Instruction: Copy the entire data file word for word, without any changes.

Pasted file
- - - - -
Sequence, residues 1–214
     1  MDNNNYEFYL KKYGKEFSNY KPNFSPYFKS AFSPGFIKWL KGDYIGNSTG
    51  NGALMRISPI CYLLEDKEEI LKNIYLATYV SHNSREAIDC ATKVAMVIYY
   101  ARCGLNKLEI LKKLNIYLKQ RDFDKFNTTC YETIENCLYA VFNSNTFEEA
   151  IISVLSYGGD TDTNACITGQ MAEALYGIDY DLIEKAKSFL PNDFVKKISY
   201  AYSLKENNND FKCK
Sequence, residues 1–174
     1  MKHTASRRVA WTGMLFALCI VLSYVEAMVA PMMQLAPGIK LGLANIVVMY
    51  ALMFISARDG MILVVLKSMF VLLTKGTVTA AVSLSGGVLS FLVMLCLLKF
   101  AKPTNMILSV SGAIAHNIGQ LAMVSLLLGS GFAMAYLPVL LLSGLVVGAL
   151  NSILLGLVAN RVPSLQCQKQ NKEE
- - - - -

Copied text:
Sequence, residues 1–214
     1  MDNNNYEFYL KKYGKEFSNY KPNFSPYFKS AFSPGFIKWL KGDYIGNSTG
    51  NGALMRISPI CYLLEDKEEI LKNIYLATYV SHNSREAIDC ATKVAMVIYY
   101  ARCGLNKLEI LKKLNIYLKQ RDFDKFNTTC YETIENCLYA VFNSNTFEEA
   151  IISVLSYGGD TDTNACITGQ MAEALYGIDY DLIEKAKSFL PNDFVKKISY
   201  AYSLKENNND FKCK
Sequence, residues 1–174
     1  MKHTASRRVA WTGMLFALCI VLSYVEAMVA PMMQLAPGIK LGLANIVVMY
    51  ALMFISARDG MILVVLKSMF VLLTKGTVTA AVSLSGGVLS FLVMLCLLKF
   101  AKPTNMILSV SGAIAHNIGQ LAMVSLLLGS GFAMAYLPVL LLSGLVVGAL
   151  NSILLGLVAN RVPSLQCQKQ NKEE